Society often associates stress as mentally damaging as opposed to physically damaging. Now, according to multiple studies, feeling stress in limited amounts can be highly beneficial to bodily functioning as it pushes our brains and other organs into a positive trajectory towards development. However, chronic stress leads to severe bodily harm as it increases a person’s risk to strokes, heart attacks, ulcers, and dwarfism, aside from mental illnesses alone. Let’s dive into the specific harmful effects that stress has on your body in the short and long run.
Rising Cortisol Levels Destroys Our Long-Term Health
First, we should understand the basic effect of stress on our bodies: it produces cortisol, a steroid hormone secreted from the adrenal gland in the excretory system. They function to increase our blood sugar, to suppress our immune system, and to metabolize fat, protein, and carbohydrates. High levels of stress can increase the pace of these functions and this is severely detrimental to our biological and psychological health in the long-run.
Inflammation of Immune System Undermined
Second, we know that our immune system keeps our body biologically healthy when we suffer physical injury, illness, or wound. A key component of this system is the inflammation or inflammatory response that eliminates foreign pathogens like bacteria and viruses. Stress influences the regulation of inflammation, which makes it relevant to physical and mental illnesses. Based on studies, by influencing inflammation, stress likely increases risks of depression and other illnesses. It increases the up-regulating inflammatory activity and alters our social, cognitive, and affective processes that promote this mental disorder.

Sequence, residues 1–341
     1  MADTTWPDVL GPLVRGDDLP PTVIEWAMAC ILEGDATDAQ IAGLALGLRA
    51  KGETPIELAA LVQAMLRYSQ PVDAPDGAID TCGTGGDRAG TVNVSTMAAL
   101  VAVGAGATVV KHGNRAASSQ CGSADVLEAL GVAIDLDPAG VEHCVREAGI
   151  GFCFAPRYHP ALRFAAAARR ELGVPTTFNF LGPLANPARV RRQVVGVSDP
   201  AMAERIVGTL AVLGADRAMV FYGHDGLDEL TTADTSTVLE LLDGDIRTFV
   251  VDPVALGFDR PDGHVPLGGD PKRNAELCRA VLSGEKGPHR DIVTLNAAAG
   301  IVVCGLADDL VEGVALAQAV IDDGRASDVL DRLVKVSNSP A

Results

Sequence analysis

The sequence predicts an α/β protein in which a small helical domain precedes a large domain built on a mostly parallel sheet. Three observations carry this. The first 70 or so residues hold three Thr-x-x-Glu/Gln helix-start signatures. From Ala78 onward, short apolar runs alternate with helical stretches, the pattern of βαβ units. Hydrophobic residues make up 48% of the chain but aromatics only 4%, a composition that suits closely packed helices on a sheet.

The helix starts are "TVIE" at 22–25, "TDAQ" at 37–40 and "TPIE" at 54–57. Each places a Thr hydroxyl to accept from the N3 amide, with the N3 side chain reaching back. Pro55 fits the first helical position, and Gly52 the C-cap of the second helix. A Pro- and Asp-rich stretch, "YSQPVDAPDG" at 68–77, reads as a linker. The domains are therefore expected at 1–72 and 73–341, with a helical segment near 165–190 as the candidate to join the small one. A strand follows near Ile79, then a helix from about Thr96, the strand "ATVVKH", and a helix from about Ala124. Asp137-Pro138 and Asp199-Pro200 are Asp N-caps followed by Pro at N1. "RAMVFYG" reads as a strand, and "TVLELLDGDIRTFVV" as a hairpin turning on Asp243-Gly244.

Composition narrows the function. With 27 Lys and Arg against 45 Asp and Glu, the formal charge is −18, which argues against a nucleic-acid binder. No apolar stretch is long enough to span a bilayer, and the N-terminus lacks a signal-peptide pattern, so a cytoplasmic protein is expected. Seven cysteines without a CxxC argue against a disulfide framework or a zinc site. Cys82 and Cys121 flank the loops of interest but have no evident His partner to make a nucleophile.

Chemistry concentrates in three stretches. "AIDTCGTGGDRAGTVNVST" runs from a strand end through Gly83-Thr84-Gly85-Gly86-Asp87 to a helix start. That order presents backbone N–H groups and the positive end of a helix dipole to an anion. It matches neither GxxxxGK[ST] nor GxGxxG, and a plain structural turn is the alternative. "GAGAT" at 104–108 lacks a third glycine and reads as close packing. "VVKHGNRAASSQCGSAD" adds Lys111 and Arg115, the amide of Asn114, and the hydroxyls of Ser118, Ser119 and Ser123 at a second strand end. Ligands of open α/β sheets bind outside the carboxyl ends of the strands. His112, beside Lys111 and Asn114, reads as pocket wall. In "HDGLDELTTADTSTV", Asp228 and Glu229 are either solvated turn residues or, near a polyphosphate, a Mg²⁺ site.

Stress Promotes Diseases
Disease promotion is another major impact of stress on your body, as seen in a study by Sheldon Cohen. After comparing two groups of healthy participants, one group of 276 adults were exposed to stressful events and the cold virus. The other group of 79 adults was only exposed to the virus. Cohen found from the first group that prolonged stressful events are associated with the inability of immune cells to effectively respond to hormonal signals that regulate inflammation. With that inability, they were more likely to develop colds when exposed to the virus. The immune system’s regulation abilities of inflammation can predict how stress would promote diseases. When exposed to stressful events, the immune system cannot respond to hormonal control and later produce levels of inflammation that promote disease.
This is an important study as it explains the role that inflammation plays in many other diseases such as cardiovascular illnesses, asthma, and autoimmune disorders.With regards to our brains, chronic stress leads to the atrophy of brain mass and reduction in its weight. These structural changes bring about major differences in our brain’s responses to stress, cognition, and memory. Various studies show that stress causes these changes to the hippocampus section of our brain. If the intensity of stress pushes beyond the dangerous threshold, which varies between individuals, it causes cognitive disorders in judgement and memory due to the changes to the hippocampus.
Higher Risks of Diabetes and other Major Illnesses
In stressful situations, as we know, our livers produce extra blood sugar for energy boost so chronic stress may end up with large glucose surges that your body is incapable of managing. This increases the risks of developing type 2 diabetes. Adding to this, your digestive will get upset from the increasing hormones, rapid breathing, and rapid breathing, which makes it highly likely for you to develop heartburn or acid reflux due to increased stomach acids. It, in turn, make someone suffering from chronic stress regularly to develop ulcers or result in existing ulcers to act up. The other major affects is how stress affects the way food moves through your body, increasing situations of diarrhea, constipation, nausea, and stomach aches.
Our Muscles and Bones Face Huge Risks of Damage
Our muscular and skeletal systems also see major risks of damage from chronic stress. Our muscles tense up to protect from injuries in stressful situations. Once we relax, muscles release again, however, by being in constant stress, muscles don’t get the chance to relax and tight muscles cause severe headaches and body aches, particularly the back and shoulders. This could cause unhealthy cycles of resorting to pain medication for relief after ending your exercise regime temporarily or permanently. Stress causes our bones to its density levels due to rising cortisol levels from its acidifying effects, which increases risks to major fractures.